Original graphic organizers for specific lessons, like this one, can be submitted as an attachment atthis link. Look for the "Reply to this Box" beneath the post. To be able to post, you will need to be a member of our freeWriting Lesson of the Month Network.
Step four (revising with specific trait language): One tool for revision is provided below. To promote response and revision to rough draft writing, attach WritingFix's Revision and Response Post-it® Note-sized templates to your students' drafts. Make sure the students rank their use of the trait-specific skills on the Post-it® Note-sized templates, which means they'll only have one "1" and one "5." Have them commit to ideas for revision based on their Post-It rankings. For more ideas on WritingFix's Revision & Response Post-it® Note-sized templates, click here.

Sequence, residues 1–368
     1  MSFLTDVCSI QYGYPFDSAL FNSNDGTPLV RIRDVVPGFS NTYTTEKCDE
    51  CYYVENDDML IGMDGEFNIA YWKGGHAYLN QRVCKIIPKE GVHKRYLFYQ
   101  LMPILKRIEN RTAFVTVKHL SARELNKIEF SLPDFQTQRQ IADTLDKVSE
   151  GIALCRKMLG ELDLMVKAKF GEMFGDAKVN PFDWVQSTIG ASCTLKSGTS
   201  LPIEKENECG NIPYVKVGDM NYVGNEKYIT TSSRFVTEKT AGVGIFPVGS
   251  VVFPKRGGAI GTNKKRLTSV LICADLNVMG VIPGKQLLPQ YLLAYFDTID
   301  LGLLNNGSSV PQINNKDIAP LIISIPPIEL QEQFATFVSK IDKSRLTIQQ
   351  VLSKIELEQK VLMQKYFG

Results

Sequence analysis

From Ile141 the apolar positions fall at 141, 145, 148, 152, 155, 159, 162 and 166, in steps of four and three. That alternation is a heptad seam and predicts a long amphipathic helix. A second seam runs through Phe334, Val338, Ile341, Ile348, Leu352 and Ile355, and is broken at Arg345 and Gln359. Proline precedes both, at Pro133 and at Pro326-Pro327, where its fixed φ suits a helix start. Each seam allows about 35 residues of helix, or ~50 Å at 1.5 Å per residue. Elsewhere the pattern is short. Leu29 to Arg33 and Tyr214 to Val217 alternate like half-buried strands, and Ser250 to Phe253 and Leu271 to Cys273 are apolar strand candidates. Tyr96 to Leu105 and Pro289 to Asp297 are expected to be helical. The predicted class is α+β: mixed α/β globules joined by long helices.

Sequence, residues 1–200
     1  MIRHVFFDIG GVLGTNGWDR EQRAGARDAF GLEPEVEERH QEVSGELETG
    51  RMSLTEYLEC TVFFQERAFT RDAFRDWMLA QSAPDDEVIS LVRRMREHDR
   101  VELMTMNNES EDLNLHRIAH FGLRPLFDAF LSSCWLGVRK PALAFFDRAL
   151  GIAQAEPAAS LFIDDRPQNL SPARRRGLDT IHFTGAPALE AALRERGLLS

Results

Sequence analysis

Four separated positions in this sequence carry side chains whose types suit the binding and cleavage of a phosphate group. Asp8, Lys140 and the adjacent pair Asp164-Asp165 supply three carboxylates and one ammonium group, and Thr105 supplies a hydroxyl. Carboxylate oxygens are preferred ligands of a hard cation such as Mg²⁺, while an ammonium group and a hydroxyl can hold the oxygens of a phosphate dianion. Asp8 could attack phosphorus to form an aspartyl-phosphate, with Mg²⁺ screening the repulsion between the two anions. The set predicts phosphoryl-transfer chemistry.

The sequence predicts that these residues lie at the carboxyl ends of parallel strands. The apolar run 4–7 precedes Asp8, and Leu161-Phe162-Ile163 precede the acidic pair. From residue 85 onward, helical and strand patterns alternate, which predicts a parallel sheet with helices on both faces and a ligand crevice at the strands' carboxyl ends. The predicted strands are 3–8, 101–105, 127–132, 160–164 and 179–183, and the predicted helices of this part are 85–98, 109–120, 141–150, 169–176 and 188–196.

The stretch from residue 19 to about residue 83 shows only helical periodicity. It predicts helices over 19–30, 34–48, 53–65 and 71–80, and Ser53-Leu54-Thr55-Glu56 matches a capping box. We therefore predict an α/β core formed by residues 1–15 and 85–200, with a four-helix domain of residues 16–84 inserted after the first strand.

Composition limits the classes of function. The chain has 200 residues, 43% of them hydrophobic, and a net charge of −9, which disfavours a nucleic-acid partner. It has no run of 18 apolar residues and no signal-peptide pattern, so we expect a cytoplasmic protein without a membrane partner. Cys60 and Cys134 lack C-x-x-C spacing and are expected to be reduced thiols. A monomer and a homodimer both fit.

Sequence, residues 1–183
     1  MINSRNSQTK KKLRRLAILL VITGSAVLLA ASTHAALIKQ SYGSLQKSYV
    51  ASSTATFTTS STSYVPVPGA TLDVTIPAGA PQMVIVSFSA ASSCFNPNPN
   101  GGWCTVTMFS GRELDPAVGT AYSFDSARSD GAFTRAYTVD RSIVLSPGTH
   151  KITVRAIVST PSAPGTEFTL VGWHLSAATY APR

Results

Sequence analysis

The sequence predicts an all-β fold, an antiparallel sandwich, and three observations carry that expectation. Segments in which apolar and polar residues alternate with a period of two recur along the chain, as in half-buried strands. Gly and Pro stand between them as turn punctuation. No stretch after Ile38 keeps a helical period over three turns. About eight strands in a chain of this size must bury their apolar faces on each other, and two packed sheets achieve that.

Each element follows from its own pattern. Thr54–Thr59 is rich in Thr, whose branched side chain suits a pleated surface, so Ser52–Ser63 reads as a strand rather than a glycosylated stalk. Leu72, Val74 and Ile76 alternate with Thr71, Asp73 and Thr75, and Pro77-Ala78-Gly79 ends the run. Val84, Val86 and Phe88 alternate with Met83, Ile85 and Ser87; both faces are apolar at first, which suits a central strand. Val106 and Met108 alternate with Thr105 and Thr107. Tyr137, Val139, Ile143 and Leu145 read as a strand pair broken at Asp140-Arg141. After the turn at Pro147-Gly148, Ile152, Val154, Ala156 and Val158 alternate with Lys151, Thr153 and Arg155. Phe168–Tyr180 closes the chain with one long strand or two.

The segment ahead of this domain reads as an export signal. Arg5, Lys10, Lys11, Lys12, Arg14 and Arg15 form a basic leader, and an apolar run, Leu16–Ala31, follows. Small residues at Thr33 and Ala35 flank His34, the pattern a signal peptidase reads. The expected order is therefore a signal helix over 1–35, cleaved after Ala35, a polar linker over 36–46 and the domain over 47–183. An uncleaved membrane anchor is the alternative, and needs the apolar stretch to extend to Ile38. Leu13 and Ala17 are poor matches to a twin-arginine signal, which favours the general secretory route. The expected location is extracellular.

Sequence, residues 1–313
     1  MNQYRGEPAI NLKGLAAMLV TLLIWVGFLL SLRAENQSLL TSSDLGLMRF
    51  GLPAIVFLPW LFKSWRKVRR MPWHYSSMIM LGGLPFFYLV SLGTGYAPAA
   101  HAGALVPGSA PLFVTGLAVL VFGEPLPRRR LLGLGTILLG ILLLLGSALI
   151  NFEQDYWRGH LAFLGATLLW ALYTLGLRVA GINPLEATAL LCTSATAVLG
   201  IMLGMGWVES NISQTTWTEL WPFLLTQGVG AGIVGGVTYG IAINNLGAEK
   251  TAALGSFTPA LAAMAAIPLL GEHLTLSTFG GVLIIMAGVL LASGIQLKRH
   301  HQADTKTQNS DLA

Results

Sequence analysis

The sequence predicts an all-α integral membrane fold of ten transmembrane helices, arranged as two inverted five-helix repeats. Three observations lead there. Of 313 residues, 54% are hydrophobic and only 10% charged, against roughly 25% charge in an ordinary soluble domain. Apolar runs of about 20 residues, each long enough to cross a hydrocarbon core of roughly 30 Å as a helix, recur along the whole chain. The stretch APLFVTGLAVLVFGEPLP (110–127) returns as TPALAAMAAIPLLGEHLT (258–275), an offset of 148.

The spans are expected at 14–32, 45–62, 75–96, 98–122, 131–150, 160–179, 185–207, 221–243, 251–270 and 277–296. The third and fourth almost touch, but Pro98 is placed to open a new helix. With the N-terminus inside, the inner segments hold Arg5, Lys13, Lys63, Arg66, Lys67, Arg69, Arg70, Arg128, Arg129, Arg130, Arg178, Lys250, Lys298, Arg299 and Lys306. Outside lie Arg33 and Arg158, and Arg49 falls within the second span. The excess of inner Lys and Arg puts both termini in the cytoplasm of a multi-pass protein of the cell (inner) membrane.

Share Original Revision Techniques or
Adaptations from Your Toolbox.
Inspired by Barry Lane's Reviser's Toolbox, the WritingFix website encourages its teacher users to adapt our lessons, especially the tools of revision we have posted here. If you create an original revision tool (or adapt one of ours) when you teach this page's lesson, and post it, we might just end up publishing it directly here at WritingFix, and we will post it here, giving you full credit.
Original revision ideas from teacher users of WritingFix can be submitted through copy/paste or as an attachment at this link. Look for the "Reply to this Box" beneath the post. To be able to post, you will need to be a member of our free Writing Lesson of the Month Network.